A business owner's guide to retirement savings, part 3: Guest view
Let's talk about where you've been.
You wanted to save for your own retirement in a tax-benefited way, so you took the advice of the professionals and started up a 401(k) plan. Then you listened to your advisers again when they told you that you should consider creative profit-share formulas to defer just a bit more income from taxation.
Here you are now, looking for more tax-benefited savings - and your 401(k) plan and other retirement-savings vehicles just aren’t enough to keep Uncle Sam’s grubby hands off your hard-earned wages.
What’s left to do?
401(k) plans can offer employees and business owners considerable opportunities for tax-deferred savings. But these plans are considered “qualified” by federal guidelines, which means that they must follow strict rules requiring that a large percentage of employees benefit from the plan. These requirements can make the targeted approach that some business owners prefer to use (offering the bulk of a benefit to key employees and themselves, for example) very difficult to achieve.
A non-qualified deferred compensation plan, or NQDC, may help to more directly target specific individuals in your company to help them defer compensation from taxation this year until some date in the future.
Tip of the top hat
You’ve got a favorite employee, just admit it.
It’s the person who always gets the work done on time or early, never complains, manages to mitigate risks within your workforce and helps to reason with clients who may be unhappy.
These people are your dream hires and you don’t ever want to lose them.
There’s a pretty high likelihood that the person you value most within the company falls into the “highly compensated” category as defined by government regulation, and that means you may have difficulty giving him or her all of the benefits toward retirement that you’d like to give. In many instances, this kind of employee is also a flight risk, because, let’s face it, your competitors are paying attention and will hire them away in a heartbeat if they can.
A “Top Hat” plan is an NQDC plan that can be your magic weapon.
The premise of the plan is simple: You offer a select group of employees the opportunity to take a portion of their income out of their wages each year with the promise that their money will be returned to them at some point in the future, oftentimes in retirement.
The tax impact
While the benefit of tax deferral will appeal to some of your higher-paid employees, business owners implementing these plans should know that the business cannot take the tax deduction on the benefit until it is paid out. In this way, the employee’s taxation will dictate the timing of the business’ tax deduction. In years of relatively low tax for some corporations after the 2017 tax cuts, this can appeal to some business owners.
Think of it as the business paying taxes at preferential rates (i.e. rates in accordance with the 2017 tax cuts) and getting a tax benefit at some point in the future when they may need it more (i.e. when Congress begins to realize that the taxpayers are going to have to pay down the federal debt).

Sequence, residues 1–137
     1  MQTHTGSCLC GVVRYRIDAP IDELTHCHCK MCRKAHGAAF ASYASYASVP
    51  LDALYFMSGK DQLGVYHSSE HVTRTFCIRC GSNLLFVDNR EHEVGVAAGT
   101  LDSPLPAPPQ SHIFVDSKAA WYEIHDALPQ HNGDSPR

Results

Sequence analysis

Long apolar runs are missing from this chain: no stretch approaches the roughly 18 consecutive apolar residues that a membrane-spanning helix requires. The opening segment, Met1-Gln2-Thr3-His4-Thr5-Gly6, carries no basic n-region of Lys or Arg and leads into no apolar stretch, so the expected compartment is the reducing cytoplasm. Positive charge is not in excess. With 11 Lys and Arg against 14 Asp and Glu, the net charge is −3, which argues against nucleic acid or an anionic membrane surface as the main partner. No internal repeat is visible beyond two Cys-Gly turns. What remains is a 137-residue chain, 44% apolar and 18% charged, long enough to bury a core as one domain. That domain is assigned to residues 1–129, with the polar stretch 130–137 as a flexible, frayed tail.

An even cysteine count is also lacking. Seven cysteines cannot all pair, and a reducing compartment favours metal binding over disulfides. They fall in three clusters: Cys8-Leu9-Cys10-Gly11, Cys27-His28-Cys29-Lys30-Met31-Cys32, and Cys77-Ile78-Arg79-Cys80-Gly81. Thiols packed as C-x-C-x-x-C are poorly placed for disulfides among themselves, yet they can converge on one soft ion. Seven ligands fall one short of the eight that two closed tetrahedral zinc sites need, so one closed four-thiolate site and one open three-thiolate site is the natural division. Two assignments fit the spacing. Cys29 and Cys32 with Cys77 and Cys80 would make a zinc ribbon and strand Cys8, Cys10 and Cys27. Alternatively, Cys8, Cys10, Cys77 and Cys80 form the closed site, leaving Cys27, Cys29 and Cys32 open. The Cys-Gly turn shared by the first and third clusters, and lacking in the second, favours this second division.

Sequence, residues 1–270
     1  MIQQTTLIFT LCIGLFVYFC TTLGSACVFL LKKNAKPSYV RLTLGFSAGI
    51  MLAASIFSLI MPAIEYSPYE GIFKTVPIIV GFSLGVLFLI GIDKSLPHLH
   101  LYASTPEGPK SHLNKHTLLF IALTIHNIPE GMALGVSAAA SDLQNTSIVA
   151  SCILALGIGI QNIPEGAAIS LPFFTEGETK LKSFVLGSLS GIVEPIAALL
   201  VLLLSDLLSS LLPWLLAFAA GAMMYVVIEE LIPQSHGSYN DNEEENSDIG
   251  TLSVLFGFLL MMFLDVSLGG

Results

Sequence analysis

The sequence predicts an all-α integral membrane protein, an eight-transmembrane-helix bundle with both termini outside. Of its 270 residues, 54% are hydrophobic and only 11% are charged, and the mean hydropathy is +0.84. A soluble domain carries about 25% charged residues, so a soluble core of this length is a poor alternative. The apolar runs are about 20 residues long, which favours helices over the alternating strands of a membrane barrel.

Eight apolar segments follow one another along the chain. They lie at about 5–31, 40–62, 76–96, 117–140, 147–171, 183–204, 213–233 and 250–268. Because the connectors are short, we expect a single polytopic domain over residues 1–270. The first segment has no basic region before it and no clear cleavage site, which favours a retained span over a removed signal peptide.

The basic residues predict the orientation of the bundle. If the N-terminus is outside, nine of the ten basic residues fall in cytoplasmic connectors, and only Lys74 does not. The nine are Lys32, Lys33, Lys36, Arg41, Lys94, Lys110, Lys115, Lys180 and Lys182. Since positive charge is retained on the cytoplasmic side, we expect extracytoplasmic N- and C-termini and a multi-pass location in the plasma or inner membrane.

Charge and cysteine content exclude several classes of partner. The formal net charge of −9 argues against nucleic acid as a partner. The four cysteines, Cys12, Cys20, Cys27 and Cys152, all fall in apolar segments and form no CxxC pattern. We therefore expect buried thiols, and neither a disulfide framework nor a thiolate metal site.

What are the risks?
Typically, an “unfunded” NQDC plan is used to avoid federal regulations requiring a specifically “fair” distribution of benefits to employees. When a plan is “unfunded” it simply means that you, as the business owner, don’t formally set aside assets to pay the plan benefits in the future. This leaves you to pay plan benefits out of current cash flow or you can set aside assets to pay plan benefits in the future.
Employees need to worry about the risk of the business owner’s insolvency. Even if the assets funding the NQDC benefits have been set aside in a trust, they might still be subject to claims of general creditors. Employees who has chosen to set aside some of their income under a promise that the business owner will give it back to them at retirement have taken a leap of faith that the business owner will be able to support the benefit and won’t go insolvent in the meantime.
The proper trust arrangement will help protect employees against the business owner going back on his or her word. The risk of the impact of insolvency remains. But let’s leave that bit up to the attorneys.
The NQDC “golden handcuff” is most often applied in C Corporations, though some insurance policies will allow S Corporations and other pass-through entities the opportunity to benefit from the right strategy.
Remember, I’m not a CPA and I’m not an attorney, so get your tax and legal advice elsewhere. Still, a team of certified financial professionals should be able to assess whether these plans are a good fit for your firm and to help you get the ball rolling.
Registered Representative Securities offered through Cambridge Investment Research Inc., a broker/dealer, member FINRA/SIPC. Investment Advisor Representative Cambridge Investment Research Advisors Inc., a Registered Investment Advisor. Cambridge and Conte Wealth Advisors LLC are not affiliated.